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Prevalence, mechanisms and genetic relatedness of the human pathogenic fungus Aspergillus fumigatus exhibiting resistance to medical azoles in the environment of Taiwan.

Wang, Hsuan-Chen; Huang, Jui-Chang; Lin, Yong-Hong; Chen, Yu-Hsin; Hsieh, Ming-I; Choi, Pui-Ching; Lo, Hsiu-Jung; Liu, Wei-Lun; Hsu, Ching-Shan; Shih, Hsin-I; Wu, Chi-Jung; Chen, Yee-Chun.
Environ Microbiol; 20(1): 270-280, 2018 01.
Artigo em Inglês | MEDLINE | ID: mdl-29124846
Emerging azole resistance in Aspergillus fumigatus poses a serious threat to human health. This nationwide surveillance study investigated the prevalence and molecular characteristics of azole-resistant A. fumigatus environmental isolates in Taiwan, an island country with increasing use of azole fungicides. Of the 2760 air and soil samples screened from 2014 to 2016, 451 A. fumigatus isolates were recovered from 266 samples and 34 isolates from 29 samples displayed resistance to medical azoles (itraconazole, voriconazole or posaconazole). The resistance prevalence was 10.9% and 7.5% in A. fumigatus-positive samples and isolates respectively. Most (29, 85.3%) azole-resistant isolates harboured TR34 /L98H mutations, which were widely distributed, clustered genetically with clinical isolates, and had growth rates that were similar to those of the wild-type isolates. Microsatellite genotyping revealed both the global spread of the TR34 /L98H isolates and the occurrence of TR34 /L98H/S297T/F495I isolates belonging to local microsatellite genotypes. AfuMDR3 and atrF, two efflux transporter genes, were constitutively upregulated in two individual resistant isolates without cyp51A mutations, highlighting their potential roles in azole resistance. These results emphasize the need for periodic environmental surveillance at the molecular level in regions in which azole fungicides are applied, and agricultural fungicide management strategies that generate less selective pressure should be investigated.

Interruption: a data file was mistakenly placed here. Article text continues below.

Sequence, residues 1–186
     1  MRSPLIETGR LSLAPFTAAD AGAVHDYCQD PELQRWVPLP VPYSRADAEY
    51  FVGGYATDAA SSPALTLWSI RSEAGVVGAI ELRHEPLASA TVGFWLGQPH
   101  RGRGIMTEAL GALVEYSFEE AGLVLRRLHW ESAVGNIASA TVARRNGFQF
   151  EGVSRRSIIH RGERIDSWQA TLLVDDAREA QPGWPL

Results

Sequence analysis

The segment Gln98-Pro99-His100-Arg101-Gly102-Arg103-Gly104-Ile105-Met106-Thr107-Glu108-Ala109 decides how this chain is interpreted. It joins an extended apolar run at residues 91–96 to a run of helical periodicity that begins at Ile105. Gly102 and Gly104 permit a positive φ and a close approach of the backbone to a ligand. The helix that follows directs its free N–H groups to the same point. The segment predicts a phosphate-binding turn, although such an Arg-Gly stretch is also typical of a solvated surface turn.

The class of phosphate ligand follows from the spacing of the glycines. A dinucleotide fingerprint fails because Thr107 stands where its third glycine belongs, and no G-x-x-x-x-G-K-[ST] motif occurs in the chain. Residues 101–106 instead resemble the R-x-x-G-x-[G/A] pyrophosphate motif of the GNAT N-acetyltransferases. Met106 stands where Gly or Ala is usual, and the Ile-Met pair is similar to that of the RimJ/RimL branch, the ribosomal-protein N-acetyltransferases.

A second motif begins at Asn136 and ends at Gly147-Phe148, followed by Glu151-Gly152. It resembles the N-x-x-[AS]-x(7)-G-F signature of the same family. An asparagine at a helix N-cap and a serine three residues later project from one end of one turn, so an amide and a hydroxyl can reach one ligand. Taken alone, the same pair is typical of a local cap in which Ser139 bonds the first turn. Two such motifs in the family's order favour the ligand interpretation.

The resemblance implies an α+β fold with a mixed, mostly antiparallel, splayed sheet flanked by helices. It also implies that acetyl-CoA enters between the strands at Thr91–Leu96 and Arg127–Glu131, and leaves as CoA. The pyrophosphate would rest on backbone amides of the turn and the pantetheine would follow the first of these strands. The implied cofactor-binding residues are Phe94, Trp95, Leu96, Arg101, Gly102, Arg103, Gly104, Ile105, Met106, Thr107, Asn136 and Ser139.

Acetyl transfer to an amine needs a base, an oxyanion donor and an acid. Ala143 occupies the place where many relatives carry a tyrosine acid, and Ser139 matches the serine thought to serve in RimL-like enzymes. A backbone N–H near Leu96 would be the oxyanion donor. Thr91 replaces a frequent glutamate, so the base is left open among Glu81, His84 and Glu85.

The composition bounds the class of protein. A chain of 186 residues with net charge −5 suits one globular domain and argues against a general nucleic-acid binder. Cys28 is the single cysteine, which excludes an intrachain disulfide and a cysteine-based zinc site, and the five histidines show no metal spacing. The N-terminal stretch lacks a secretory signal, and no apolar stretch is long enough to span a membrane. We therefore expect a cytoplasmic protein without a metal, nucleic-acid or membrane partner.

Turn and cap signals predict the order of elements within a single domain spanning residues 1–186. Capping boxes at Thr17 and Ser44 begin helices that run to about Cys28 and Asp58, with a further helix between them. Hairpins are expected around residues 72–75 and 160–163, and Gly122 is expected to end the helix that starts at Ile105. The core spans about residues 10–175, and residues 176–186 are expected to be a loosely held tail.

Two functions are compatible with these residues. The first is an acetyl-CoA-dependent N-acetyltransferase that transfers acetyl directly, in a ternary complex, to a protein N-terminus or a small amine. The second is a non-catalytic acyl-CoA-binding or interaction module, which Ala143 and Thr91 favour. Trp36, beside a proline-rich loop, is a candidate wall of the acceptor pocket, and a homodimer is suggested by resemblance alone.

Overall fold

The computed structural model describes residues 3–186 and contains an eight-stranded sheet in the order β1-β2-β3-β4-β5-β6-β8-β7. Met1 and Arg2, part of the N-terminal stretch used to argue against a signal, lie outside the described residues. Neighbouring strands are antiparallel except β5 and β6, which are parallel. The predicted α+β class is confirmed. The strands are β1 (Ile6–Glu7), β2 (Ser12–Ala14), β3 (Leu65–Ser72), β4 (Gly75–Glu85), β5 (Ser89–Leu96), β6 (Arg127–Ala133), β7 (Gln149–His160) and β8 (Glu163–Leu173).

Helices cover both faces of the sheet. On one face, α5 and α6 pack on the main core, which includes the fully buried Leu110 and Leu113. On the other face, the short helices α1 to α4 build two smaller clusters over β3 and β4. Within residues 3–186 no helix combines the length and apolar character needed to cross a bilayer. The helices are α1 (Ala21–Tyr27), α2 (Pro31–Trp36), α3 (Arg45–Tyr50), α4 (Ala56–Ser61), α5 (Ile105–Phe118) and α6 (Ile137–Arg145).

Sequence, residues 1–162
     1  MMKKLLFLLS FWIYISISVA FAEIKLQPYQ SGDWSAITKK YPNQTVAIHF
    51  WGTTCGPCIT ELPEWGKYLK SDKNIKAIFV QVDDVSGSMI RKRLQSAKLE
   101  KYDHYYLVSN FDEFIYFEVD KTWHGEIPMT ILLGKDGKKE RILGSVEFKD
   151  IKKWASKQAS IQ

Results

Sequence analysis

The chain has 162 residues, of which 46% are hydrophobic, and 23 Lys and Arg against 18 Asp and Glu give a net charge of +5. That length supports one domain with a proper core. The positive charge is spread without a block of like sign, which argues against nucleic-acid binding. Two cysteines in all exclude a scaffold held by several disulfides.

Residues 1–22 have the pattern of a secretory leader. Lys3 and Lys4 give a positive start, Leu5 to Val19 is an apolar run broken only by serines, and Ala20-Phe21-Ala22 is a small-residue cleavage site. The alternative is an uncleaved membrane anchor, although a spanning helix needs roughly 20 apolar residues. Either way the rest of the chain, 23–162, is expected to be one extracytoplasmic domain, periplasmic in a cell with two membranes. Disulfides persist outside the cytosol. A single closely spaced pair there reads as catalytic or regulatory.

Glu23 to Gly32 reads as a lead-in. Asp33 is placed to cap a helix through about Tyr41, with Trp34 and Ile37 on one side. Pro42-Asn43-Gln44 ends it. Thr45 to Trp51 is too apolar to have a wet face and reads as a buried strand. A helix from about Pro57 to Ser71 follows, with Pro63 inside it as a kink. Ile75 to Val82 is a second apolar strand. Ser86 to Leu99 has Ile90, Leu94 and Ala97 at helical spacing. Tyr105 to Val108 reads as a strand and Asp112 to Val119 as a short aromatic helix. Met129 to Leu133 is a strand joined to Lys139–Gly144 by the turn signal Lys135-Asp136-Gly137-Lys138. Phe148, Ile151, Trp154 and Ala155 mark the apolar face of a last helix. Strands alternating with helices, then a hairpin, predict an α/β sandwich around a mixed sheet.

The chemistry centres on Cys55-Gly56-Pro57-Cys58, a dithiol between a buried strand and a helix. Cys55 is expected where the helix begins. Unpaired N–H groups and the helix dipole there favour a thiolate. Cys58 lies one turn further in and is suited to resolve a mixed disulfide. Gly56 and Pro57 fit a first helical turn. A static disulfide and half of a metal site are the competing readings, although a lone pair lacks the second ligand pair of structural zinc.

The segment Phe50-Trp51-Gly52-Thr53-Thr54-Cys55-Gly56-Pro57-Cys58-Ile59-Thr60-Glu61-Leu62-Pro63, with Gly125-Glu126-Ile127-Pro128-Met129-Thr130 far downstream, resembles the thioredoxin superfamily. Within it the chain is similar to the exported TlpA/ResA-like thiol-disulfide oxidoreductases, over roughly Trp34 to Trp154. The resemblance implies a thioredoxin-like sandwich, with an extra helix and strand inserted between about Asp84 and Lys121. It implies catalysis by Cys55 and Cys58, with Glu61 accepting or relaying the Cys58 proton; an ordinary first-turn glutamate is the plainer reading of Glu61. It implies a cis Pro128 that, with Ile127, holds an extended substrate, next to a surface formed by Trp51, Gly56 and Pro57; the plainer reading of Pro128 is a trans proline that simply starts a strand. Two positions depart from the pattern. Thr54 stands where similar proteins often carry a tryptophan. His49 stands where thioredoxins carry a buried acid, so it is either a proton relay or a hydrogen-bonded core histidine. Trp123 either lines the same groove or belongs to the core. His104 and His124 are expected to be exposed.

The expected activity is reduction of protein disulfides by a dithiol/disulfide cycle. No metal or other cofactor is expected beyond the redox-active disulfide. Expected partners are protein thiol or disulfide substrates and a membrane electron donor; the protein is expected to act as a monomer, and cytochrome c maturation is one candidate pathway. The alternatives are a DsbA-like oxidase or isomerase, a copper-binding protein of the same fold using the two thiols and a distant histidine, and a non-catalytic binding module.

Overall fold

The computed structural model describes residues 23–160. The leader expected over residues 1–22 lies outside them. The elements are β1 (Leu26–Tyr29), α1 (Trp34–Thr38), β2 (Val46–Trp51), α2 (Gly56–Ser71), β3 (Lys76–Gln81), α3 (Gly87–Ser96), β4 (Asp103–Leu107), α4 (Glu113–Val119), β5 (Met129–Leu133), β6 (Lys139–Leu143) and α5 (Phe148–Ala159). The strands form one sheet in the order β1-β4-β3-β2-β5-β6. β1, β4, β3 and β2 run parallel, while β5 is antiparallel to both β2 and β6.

Selo DaSilva